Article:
As well as this, you should also make sure that you’re not overstocking the tank, you’re changing the water regularly, and that you’re removing any waste from the tank.
The Water Flow Is Too Strong
If you’ve got goldfish, then a filter is essential for keeping the tank clean. However, sometimes the water coming out of the filter can be too fast. When this happens, your goldfish will probably stick to areas that the current isn’t so strong. One such area is the corners of the tank.
If this is the case, you can do a couple of things. First of all, you can try to angle the filter into the side of the tank to reduce its flow through the middle. Secondly, you can add a filter sponge to the filter nozzle to reduce the rate water comes out.
And, of course, you should only do both things after checking your filter. Sometimes filters have a switch that lets you choose how powerful the flow speed is.
Your Goldfish Is Sick
When your goldfish is sick, they may back up into a corner to make themselves feel safer. They do this because they feel vulnerable, so they’re trying to cover their backs.
It’s best to check your fish for any signs of disease to make sure this isn’t what’s causing the behavior. Lethargy, clamped fins, and a lack of appetite are some common symptoms of illness. But each disease will also have more specific signs. For example, if it’s ich, you’ll notice white spots over their bodies; when they’re constipated, they may look bloated, if it’s swim bladder disease, they may be on their side, and if it’s dropsy, they may have pinecone scales.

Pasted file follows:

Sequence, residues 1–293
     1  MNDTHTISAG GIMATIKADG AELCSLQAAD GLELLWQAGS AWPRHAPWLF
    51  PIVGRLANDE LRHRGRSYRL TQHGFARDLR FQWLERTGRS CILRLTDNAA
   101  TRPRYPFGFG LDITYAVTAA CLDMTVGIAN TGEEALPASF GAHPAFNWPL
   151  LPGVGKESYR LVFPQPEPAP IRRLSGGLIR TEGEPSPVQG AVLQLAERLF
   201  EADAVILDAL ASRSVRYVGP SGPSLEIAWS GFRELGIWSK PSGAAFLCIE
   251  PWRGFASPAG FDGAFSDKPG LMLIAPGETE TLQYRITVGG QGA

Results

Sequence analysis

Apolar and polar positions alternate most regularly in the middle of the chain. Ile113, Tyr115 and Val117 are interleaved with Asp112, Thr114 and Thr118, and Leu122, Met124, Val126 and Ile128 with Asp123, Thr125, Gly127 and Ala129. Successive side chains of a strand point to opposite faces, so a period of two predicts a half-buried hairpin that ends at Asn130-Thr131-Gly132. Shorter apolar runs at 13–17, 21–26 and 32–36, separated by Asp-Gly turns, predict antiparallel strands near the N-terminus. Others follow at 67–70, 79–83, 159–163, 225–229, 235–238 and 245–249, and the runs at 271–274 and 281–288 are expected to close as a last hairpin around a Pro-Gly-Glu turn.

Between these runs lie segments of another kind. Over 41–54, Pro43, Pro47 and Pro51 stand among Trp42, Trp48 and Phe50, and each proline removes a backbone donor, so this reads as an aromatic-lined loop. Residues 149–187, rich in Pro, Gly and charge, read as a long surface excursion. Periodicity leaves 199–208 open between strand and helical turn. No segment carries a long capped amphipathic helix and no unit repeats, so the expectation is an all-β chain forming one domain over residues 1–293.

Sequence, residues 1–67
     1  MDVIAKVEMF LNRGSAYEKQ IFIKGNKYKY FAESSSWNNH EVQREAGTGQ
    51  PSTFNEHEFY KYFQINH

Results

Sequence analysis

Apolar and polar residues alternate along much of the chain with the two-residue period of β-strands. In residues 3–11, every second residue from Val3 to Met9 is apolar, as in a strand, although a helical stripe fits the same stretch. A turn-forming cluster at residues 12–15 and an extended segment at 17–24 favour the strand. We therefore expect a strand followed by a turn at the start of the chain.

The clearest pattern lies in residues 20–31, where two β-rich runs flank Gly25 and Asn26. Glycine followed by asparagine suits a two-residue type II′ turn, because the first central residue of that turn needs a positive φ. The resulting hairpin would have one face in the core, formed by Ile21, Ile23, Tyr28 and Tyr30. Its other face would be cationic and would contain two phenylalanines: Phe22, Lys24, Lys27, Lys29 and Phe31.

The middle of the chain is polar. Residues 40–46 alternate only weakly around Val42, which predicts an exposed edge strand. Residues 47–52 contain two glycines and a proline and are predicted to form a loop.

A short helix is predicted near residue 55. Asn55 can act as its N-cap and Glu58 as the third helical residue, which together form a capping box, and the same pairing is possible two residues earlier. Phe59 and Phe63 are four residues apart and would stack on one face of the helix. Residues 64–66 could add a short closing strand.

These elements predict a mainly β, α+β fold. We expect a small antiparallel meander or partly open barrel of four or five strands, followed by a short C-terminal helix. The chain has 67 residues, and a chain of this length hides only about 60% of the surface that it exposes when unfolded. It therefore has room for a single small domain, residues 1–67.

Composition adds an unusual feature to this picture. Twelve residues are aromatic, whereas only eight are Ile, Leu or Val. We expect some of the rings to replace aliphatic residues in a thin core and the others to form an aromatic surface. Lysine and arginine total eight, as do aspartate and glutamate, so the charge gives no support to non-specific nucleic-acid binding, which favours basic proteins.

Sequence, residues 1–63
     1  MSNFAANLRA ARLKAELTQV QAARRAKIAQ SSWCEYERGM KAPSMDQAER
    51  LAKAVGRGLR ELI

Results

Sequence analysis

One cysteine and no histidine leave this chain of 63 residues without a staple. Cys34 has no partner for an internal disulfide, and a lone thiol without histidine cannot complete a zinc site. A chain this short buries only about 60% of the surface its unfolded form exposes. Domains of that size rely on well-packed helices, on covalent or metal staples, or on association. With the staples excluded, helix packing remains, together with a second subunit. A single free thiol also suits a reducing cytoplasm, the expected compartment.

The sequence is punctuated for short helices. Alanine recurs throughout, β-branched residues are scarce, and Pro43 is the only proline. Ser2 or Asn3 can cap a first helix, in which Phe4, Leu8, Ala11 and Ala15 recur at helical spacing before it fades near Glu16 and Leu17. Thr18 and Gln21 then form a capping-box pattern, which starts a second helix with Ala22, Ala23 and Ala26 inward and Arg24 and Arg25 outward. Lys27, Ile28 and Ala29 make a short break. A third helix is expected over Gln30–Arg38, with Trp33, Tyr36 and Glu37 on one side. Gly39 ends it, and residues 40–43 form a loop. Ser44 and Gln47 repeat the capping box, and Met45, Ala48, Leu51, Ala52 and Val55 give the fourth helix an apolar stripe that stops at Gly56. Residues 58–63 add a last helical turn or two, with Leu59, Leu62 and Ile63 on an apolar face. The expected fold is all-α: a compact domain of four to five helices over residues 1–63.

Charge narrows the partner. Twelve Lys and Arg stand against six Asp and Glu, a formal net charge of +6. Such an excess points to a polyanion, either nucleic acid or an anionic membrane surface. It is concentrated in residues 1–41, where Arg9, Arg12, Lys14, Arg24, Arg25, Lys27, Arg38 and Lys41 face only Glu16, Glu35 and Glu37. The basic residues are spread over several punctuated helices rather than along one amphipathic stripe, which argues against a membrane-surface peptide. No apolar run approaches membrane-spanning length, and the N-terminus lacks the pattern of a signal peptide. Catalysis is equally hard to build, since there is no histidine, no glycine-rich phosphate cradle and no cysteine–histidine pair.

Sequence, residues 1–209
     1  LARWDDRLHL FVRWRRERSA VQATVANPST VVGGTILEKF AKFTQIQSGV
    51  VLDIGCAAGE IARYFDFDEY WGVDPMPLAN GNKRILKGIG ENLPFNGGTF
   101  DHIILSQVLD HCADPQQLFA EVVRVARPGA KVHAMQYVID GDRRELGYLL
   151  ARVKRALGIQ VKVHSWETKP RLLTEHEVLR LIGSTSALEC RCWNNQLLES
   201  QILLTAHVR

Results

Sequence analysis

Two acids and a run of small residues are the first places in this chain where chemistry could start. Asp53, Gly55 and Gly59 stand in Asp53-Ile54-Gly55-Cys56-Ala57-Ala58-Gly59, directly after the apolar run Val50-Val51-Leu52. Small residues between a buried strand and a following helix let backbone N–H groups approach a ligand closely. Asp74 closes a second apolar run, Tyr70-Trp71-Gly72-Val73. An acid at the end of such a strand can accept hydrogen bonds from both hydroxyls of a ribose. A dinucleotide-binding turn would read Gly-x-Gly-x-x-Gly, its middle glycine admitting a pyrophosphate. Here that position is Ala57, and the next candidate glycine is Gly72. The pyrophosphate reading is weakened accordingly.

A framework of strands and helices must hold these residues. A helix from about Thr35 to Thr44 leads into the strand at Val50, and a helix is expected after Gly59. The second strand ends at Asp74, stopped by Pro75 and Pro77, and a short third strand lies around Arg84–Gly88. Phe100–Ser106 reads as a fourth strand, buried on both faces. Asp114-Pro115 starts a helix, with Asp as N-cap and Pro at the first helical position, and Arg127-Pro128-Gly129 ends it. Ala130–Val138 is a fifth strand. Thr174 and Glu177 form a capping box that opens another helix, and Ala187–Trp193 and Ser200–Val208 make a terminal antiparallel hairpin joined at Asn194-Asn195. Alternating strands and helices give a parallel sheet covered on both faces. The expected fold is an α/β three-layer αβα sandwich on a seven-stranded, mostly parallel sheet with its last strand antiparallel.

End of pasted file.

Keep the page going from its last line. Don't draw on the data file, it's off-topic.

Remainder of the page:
Whatever the case may be, you’ll need to diagnose the illness where possible and treat it immediately.
You can also prevent illness by keeping the tank clean, performing frequent water changes, quarantining new fish, and feeding your goldfish high-quality food.
They’re Full Of Eggs
Sometimes female goldfish may stay in the corner of the tank when they’re full of eggs. Just like sickness, they stay in the corner because they feel vulnerable. Unfortunately, there’s not much you can do for this one except wait for it to pass.
Not Enough Hiding Places
Lastly, they may be doing it because there aren’t enough hiding places in the tank—all fish like lots of hiding places where they can feel safe and rest. Without them, they’ll attempt to feel safe by backing up into a corner.
You can remedy this easily. All you have to do is add lots of plants and decorations to the tank. Your goldfish can then pick their favorite areas to feel safe.
Here’s a video explaining the different goldfish behaviors and what they usually mean.
Check Out The E-Books!
For a limited time, only you can get both The Complete Guide On Caring For Betta Fish & The Ultimate Betta Tank Mate Guide for just $14.99!
Find Out More Here!
Now you know all the different reasons your goldfish might be backing up into a corner! You should also know how to stop it from happening as well. If you liked this article, check out the rest of the website! Otherwise, have a great day!
If you liked this article, make sure you check out the rest of the website!